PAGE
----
The author has been described by News Ltd as an "iconoclast", "Svengali", a pollie's "economist muse", and "pungently accurate". Fairfax says he is a "Renaissance man" and "one of Australia’s most respected analysts." Stephen Koukoulas concludes that he is "85% right", and "would make a great Opposition leader." Terry McCrann claims the author thinks "‘nuance’ is a trendy village in the south of France", but can be "scintillating" when he thinks "clearly". The ACTU reckons he’s "an enigma wrapped in a Bloomberg terminal, wrapped in some apparently well-honed abs."

Sunday, June 10, 2012

Westpac's brilliant Russell Jones on the Euro crisis and its solutions

Russell has been way ahead of me on Europe, and is really an expert on the subject. He has been characterised by consistent pessimism, although most of the solutions he proposes are ideas I've discussed here before, and seem reasonably achievable:

Overall, it is difficult to escape the conclusion that the response to the Eurozone's crisis remains piecemeal, if not chaotic, and that this in large part reflects the many and various shortcomings in the institutional architecture and decision-making processes of the underlying edifice of the single currency. These failings also continue to set politicians against central bankers and Germany and one or two other creditor nations against the rest in a high stakes game of "Chicken" that could go horribly wrong at any moment. Indeed, the increasing parochialisation of European capital markets and the slow but sure exodus of bank deposits in the peripheral economies are signs that this moment of catastrophe may not be far off. Back in 1999, US economist Martin Feldstein warned that the Euro was likely to tear itself asunder as the leaders of different countries turned against each other. At the time he was pooh-poohed by most commentators. Now he is looking more prescient with almost every day.

At the risk of boring readers (I have forgotten how many times have I sat down to type up my weekend commentary and found myself consumed by Europe), the answers to the crisis remain the same: first, recapitalise all the Eurozone's banks directly rather than by actions that merely serve further to bloat sovereign balance sheets. Second, create a Eurozone wide system of deposit insurance via new bank levies. Third, develop a new bank resolution scheme that leaves unsecured bank credits on the hook as well as governments. Fourth, introduce a European wide system of deposit insurance. Fifth, significantly reduce the risk of Euro exit by any individual country via aggressive ECB monetary easing (QE), fiscal expansion in the core, slower fiscal adjustment in the periphery and accelerated structural reforms. Finally, embrace more debt restructuring in the most heavily indebted nations and debt mutualisation - Eurobonds - in some way shape or form. In other words, rapidly seek to render the Euro an optimal, rather than a distinctly sub-optimal, currency zone.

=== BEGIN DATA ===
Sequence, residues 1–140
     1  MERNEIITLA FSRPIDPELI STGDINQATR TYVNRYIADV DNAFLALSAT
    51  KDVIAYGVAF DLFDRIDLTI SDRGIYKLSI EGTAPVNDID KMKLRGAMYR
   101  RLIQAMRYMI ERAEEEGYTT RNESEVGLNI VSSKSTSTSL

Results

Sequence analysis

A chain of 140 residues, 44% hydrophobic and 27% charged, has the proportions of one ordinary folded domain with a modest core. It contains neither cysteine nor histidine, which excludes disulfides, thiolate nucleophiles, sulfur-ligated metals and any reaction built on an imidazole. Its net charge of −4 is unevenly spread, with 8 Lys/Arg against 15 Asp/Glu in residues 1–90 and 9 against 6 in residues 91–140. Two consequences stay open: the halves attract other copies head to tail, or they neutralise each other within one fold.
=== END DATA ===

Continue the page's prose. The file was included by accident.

In the absence of significant progress in all of these areas, the Euro is probably doomed. And the cost of Euro disintegration to Germany and the other creditor nations are likely to be far greater than the costs of implementing this plan. Germany, for one, should not forget that it has been the prime beneficiary of the Eurozone. More than two fifths of its exports go to other Eurozone members and since 1999 net exports have been responsible for the entirety of its GDP growth.